Education Funding

A Philanthropic ‘Angel’ Rescues Private School

By Catherine Gewertz — April 04, 2001 1 min read
  • Save to favorites
  • Print

To keep their small Episcopal school in Philadelphia open, children had been dropping pennies into a jar in the school office. But St. Barnabas was still far short of the money it needed.

Until Patricia Walsh decided that instead of buying a new Mercedes, she’d give $50,000 to the school.

“I thought to myself, my car is perfectly good,” Ms. Walsh, a 73-year-old Philadelphia woman with a history of philanthropic work, said in an interview last week. “I’d rather use the money to help keep that school open.”

So she’ll drive her 10-year-old Chrysler Concord a while longer.

A Blessing

Cynthia G. Wright, the head of St. Barnabas Episcopal School, which enrolls 70 children in preschool through 6th grade, said that when Ms. Walsh called last month to offer the money, she couldn’t believe her ears.

“She said she had seen the article about us in the newspaper, that she’d been here on another occasion, and thought it was such a wonderful school, and that she wanted to offer a small donation,” Ms. Wright said.

“When she said $50,000, I stuttered and I had to whisper, ‘Did you say 5-0?’ She chuckled a moment and said yes,” Ms. Wright said. “It was a spiritual moment. I knew for sure that God is listening to us, that he sent us an angel.”

The 33-year-old school, in a middle-class Philadelphia neighborhood, had gone $100,000 into debt in the past few years as enrollment declined, driven in part by the presence of local charter schools, Ms. Wright said. The church that houses the school was having financial difficulty of its own and considered closing the school to save money, she said.

In February, the school appealed to its families to help. Parents and children dropped coins and bills in a big jar. Since Ms. Walsh’s March 13 donation, though, two other donors have offered $10,000 each, Ms. Wright said.

Ms. Walsh, who attended a private school as a child, said she wanted to help St. Barnabas because its students come from families who struggle to pay tuition.

Related Tags:

A version of this article appeared in the April 04, 2001 edition of Education Week as A Philanthropic ‘Angel’ Rescues Private School

Events

Classroom Technology Webinar How Pandemic Tech Is (and Is Not) Transforming K-12 Schools
The COVID-19 pandemic—and the resulting rise in virtual learning and big investments in digital learning tools— helped educators propel their technology skills to the next level. Teachers have become more adept at using learning management
This content is provided by our sponsor. It is not written by and does not necessarily reflect the views of Education Week's editorial staff.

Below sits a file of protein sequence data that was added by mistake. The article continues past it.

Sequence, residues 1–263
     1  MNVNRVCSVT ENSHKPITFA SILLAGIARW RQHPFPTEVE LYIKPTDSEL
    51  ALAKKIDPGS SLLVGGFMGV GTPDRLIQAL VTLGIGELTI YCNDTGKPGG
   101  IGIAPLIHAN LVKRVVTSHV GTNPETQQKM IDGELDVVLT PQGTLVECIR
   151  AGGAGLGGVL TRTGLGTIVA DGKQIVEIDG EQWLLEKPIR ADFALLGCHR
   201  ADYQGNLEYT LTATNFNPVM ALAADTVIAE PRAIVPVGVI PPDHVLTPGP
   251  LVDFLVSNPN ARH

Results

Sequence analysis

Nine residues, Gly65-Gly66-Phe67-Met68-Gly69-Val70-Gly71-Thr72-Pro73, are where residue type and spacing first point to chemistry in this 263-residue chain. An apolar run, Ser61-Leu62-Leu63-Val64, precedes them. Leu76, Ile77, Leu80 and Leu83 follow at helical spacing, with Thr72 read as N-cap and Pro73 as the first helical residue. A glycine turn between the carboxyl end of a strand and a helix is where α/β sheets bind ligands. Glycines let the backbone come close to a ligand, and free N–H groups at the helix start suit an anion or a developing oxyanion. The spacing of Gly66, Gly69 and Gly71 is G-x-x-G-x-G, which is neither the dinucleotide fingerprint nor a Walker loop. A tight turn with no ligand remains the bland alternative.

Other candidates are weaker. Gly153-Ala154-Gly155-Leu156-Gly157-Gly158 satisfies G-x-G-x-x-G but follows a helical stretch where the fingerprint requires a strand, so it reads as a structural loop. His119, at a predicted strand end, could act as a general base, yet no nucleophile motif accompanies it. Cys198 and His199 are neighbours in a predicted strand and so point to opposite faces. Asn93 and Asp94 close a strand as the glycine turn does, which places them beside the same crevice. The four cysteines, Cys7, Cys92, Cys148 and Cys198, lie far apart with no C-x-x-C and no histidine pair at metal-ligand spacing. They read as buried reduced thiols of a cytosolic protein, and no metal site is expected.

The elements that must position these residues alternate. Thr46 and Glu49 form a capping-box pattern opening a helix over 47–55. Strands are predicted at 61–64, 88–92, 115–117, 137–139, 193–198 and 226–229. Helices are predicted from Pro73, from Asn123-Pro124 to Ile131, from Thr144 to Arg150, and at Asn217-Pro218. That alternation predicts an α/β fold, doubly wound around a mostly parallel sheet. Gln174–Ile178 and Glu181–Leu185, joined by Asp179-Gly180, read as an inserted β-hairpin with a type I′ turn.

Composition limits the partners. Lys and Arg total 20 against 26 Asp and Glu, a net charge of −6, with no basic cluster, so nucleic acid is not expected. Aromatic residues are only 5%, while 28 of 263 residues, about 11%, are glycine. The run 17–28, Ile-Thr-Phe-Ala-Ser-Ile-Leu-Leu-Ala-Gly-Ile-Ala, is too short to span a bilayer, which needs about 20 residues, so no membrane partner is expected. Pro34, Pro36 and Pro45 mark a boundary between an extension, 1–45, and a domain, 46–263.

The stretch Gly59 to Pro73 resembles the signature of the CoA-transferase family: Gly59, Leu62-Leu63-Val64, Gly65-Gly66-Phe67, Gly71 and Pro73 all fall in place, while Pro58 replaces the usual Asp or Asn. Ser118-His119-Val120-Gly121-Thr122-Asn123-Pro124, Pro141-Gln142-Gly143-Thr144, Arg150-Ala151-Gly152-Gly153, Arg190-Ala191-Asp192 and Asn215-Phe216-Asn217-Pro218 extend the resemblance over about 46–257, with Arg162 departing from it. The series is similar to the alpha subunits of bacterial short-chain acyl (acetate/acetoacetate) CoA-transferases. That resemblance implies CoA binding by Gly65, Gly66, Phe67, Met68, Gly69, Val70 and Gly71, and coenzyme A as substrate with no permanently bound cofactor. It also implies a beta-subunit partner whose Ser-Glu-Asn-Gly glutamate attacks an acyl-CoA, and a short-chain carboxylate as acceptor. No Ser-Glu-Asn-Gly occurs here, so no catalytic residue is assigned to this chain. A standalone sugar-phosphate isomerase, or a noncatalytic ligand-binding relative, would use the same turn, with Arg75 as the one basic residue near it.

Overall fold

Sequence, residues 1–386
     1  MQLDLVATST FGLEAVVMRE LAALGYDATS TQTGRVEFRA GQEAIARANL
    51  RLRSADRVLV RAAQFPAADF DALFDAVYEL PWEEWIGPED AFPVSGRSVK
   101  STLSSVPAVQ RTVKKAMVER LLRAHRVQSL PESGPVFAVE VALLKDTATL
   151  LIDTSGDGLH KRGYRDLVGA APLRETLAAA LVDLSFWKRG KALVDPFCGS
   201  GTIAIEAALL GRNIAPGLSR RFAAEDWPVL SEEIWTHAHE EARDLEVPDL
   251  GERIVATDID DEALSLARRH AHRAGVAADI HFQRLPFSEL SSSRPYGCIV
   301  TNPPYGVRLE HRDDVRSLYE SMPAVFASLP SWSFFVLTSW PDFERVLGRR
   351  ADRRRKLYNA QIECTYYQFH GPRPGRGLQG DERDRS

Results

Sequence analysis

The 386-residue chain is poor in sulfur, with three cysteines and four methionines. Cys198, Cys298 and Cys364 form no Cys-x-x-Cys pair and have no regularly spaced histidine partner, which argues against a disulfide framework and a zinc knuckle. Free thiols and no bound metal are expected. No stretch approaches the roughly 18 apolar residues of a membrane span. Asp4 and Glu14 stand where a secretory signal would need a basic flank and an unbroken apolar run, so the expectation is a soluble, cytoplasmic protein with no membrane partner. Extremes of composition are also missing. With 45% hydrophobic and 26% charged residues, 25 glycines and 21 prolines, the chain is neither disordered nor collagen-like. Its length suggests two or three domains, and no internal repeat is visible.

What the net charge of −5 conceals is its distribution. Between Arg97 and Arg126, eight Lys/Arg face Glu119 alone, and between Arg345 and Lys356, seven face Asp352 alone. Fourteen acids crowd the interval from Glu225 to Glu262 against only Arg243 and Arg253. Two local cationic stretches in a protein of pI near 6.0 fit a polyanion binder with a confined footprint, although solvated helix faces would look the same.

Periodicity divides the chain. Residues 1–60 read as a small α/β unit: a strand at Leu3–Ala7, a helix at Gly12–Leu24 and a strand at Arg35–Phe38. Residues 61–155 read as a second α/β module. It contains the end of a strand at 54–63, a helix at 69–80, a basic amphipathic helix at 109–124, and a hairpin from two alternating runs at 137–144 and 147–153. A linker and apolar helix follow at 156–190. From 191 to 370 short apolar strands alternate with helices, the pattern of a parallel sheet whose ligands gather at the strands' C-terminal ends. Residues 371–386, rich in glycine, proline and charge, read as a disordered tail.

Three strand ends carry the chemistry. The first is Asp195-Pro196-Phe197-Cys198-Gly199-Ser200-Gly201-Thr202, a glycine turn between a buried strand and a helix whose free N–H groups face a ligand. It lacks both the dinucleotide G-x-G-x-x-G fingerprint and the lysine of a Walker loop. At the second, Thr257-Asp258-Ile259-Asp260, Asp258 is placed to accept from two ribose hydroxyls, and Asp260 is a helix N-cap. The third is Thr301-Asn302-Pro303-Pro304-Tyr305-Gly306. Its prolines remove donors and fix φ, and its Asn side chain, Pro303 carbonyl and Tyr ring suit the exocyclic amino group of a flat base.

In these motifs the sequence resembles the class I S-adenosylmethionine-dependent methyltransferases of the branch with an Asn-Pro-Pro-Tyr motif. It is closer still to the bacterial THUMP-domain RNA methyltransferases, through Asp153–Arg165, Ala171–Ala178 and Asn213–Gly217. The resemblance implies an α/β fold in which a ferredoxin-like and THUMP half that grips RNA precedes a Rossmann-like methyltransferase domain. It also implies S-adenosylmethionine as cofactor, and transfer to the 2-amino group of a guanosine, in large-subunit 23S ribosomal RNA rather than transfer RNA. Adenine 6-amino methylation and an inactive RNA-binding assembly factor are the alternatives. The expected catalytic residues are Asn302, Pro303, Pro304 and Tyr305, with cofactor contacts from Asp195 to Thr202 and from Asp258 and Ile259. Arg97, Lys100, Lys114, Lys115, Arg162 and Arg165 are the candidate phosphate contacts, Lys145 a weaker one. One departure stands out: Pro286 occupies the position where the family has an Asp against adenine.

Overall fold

Sponsor
Student Well-Being Webinar
Building Teacher Capacity for Social-Emotional Learning
Set goals that support adult well-being and social-emotional learning: register today!


Content provided by Panorama
Jobs October 2021 Virtual Career Fair for Teachers and K-12 Staff
Find teaching jobs and other jobs in K-12 education at the EdWeek Top School Jobs virtual career fair.

EdWeek Top School Jobs

Teacher Jobs
Search over ten thousand teaching jobs nationwide — elementary, middle, high school and more.
View Jobs
Principal Jobs
Find hundreds of jobs for principals, assistant principals, and other school leadership roles.
View Jobs
Administrator Jobs
Over a thousand district-level jobs: superintendents, directors, more.
View Jobs
Support Staff Jobs
Search thousands of jobs, from paraprofessionals to counselors and more.
View Jobs

Read Next

Education Funding Opinion Don’t Plan on That Federal Education Spending Spree
A Democratic spending spree once depicted as inevitable is shrinking before our eyes, meaning big implications for education.
4 min read
Image shows a multi-tailed arrow hitting the bullseye of a target.
DigitalVision Vectors/Getty
Education Funding Feds Pump $1.5 Billion Extra Toward Schools to Address Cafeteria Food Shortage
The U.S. Department of Agriculture announced funds to help schools more easily purchase U.S.-grown foods amid widespread supply shortages.
1 min read
Empty school cafeteria
iStock/Getty Images Plus
Education Funding Letter to the Editor More Money for Schools Isn’t the Answer
The real problem is not funding but demands that teachers do more than just teach their subject, writes Walt Gardner.
1 min read
Education Funding Opinion Manchin Just Downsized the Dems’ Massive Education Spending Plans
Democratic Sen. Joe Manchin may have blown a gaping hole in the education community’s hopes for supersized new federal outlays.
4 min read
Image shows a multi-tailed arrow hitting the bullseye of a target.
DigitalVision Vectors/Getty